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Kenya's Courts Called On to Boost Credibility of Election Process

Kenyan opposition leader Raila Odinga, the presidential candidate of the National Super Alliance (NASA) coalition, waves to supporters as he leaves from their campaign rally at the Kamukunji grounds in Nairobi, July 7, 2017.

Kenya is less than a month from nationwide voting, and the electoral commission remains under pressure.

The commission is appealing a High Court order that would allow the reopening of bidding for printing presidential ballots a week before the general election was set to start, even as the opposition prepares to take the commission to court on another issue.

Meanwhile, the voter registry continues to spark debate and confusion.

When Kenya's Independent Electoral and Boundaries Commission opened a short message platform two weeks ago so the public could check voter details, many like Florence, a businesswoman, used it and found her details were correct, but she noticed those of her sibling were not.

She said her sister checked her details and found her identification number was registered to another person and she was a registered voter in Kiambu, Gatundu East, while she is a registered voter at Buruburu in Nairobi. She went to where she registered as a voter, and they put her name back. She was furious.

Many Kenyans were sent random numbers or incomplete digits, but they were still registered, raising questions about the credibility of the register.

Electoral body commissioner Roselyne Akombe defended her organization.

“What we have seen is that [in the] majority of those cases, people are putting their correct national ID numbers, but that is not probably what we have in the system because the number has been transposed and when they try to put in the information, it does not come out. But it does not mean that they are not in the register,” she said.

The audit firm KPMG, which was hired to clean the register, found 90,000 dead voters on the rolls and another half-million people who used wrong or inconsistent ID numbers. The electoral body said it has removed the names of at least 88,000 dead voters from the list.

Florist Simon Musungu said the voter register must be published.

“The register should be published so that everyone can verify their details," he said. "That will benefit the IEBC, too. They cannot know everything. There is a problem because one vote matters. Even if one person does not vote, you deny him his rights.”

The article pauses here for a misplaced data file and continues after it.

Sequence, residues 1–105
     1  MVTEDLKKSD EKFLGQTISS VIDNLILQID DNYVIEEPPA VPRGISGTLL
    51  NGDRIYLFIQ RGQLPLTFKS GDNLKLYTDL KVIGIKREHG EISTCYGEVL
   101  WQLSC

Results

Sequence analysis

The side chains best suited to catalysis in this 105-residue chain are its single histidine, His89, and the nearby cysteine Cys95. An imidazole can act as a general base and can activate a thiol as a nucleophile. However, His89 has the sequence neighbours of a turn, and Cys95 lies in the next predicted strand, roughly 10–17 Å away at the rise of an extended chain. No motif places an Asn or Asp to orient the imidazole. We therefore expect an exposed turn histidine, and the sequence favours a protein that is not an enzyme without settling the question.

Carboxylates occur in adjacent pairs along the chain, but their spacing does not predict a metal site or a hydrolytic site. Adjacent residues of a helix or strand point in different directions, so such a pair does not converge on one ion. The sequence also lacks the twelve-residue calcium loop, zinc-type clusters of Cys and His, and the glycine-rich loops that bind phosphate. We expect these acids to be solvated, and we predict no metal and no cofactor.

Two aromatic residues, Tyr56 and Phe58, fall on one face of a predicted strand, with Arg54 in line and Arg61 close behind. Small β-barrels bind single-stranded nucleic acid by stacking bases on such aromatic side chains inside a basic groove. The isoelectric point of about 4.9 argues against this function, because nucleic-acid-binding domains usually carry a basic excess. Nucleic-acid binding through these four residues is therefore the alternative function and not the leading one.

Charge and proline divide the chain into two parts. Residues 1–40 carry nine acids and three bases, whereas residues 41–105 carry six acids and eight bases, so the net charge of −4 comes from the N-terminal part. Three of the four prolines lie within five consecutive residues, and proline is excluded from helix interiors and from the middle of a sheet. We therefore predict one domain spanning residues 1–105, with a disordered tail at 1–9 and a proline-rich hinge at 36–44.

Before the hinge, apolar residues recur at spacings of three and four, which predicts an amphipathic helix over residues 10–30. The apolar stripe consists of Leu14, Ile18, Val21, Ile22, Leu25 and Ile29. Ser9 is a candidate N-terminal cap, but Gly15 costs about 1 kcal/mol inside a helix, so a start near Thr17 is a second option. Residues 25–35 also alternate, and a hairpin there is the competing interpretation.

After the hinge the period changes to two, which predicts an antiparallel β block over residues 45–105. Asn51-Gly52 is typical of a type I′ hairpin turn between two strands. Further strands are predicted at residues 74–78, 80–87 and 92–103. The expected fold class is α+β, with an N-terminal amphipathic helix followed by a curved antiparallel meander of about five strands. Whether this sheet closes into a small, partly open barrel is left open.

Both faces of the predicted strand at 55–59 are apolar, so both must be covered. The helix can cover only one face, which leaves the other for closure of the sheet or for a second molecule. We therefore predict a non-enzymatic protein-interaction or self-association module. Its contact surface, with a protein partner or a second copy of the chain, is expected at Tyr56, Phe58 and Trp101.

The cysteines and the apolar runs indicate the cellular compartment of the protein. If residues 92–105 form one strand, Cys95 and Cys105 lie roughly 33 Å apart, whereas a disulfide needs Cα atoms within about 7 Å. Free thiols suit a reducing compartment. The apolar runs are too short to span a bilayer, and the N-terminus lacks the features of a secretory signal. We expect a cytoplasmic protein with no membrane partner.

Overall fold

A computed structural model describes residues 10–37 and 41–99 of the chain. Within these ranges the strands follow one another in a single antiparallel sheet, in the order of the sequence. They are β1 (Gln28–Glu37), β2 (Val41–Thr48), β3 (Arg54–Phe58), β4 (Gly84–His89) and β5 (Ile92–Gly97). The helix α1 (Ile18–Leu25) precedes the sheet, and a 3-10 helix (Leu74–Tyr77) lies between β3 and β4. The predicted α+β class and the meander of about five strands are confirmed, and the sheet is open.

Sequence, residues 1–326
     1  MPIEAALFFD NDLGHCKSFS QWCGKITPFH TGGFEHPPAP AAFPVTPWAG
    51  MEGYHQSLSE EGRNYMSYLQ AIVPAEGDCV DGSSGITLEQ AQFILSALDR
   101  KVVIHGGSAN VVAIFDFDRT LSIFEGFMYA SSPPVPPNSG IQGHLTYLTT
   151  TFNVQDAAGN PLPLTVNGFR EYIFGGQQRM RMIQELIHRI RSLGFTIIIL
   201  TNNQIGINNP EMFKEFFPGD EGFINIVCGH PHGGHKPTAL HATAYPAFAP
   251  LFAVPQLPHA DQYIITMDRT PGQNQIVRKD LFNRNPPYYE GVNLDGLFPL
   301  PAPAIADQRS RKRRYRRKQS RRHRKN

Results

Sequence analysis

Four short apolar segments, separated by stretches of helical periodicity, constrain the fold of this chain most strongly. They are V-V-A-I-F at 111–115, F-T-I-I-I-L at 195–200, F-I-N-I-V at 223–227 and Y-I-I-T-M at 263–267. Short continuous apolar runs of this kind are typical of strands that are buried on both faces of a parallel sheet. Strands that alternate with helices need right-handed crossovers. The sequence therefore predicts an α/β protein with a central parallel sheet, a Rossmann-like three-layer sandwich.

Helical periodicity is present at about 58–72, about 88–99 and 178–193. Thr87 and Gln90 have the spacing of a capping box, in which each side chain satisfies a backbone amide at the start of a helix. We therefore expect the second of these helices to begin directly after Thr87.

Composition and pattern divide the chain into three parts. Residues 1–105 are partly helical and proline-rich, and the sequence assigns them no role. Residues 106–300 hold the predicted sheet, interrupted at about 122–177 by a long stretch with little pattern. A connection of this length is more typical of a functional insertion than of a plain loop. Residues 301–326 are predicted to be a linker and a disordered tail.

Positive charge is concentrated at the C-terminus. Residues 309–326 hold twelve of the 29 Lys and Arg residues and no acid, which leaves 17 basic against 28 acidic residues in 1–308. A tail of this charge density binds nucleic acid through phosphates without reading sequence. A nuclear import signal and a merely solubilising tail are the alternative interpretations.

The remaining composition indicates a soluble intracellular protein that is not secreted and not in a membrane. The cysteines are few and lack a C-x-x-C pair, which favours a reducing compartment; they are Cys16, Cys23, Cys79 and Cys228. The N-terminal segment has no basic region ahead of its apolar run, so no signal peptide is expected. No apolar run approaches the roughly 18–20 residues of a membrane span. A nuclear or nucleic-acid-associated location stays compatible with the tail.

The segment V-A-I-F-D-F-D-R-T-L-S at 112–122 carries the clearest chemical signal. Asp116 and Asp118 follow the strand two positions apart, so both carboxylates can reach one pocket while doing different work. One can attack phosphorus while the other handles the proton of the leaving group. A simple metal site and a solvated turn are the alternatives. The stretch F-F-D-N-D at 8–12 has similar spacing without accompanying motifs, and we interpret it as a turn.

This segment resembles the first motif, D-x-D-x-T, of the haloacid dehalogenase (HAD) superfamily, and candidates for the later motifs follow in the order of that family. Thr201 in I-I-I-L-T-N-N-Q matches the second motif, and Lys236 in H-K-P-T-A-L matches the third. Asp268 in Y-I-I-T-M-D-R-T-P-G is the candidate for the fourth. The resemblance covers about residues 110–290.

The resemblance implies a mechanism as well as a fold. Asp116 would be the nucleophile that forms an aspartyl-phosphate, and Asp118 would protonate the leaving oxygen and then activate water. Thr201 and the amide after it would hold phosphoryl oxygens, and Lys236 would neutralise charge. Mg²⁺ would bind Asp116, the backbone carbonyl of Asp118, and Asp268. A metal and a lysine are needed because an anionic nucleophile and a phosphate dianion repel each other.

The electoral commission and the opposition have been battling in the courts on matters dealing with cancellation of presidential ballot papers by the high court. The court ruled the IEBC was required to conduct public participation in the award of the tender to Al Ghurair to print 120 million ballots for the August 8 general election, in which nearly 20 million Kenyans are eligible to vote.

The Electoral Commission is appealing that decision.

The opposition is also asking the court to rule on what means of ballot counting and transmitting the results should be used.

In December, the parliament passed a law allowing the IEBC to use manual voting and transmission in case the electronic technology fails.

The head of the Electoral Law and Governance Institute in Africa, Felix Odhiambo, said the failures of the past are haunting the commission.

“IEBC is yet to demonstrate that technology will work," he said. "Remember in 2013, despite the assurances by the Independent Electoral and Boundaries Commission, the technology failed, so as we speak, the election act talks of technology to be put in place 60 days to the election, tested and its workability ascertained, but as we speak, the IEBC has not contested these gadgets, so opinion is still divided whether they will work or not.”

Political observers predict a close contest between the incumbent, Uhuru Kenyatta, and former Prime Minister Raila Odinga. Many hope the August 8 elections will be free, fair and credible to avoid violence similar to that in 2008.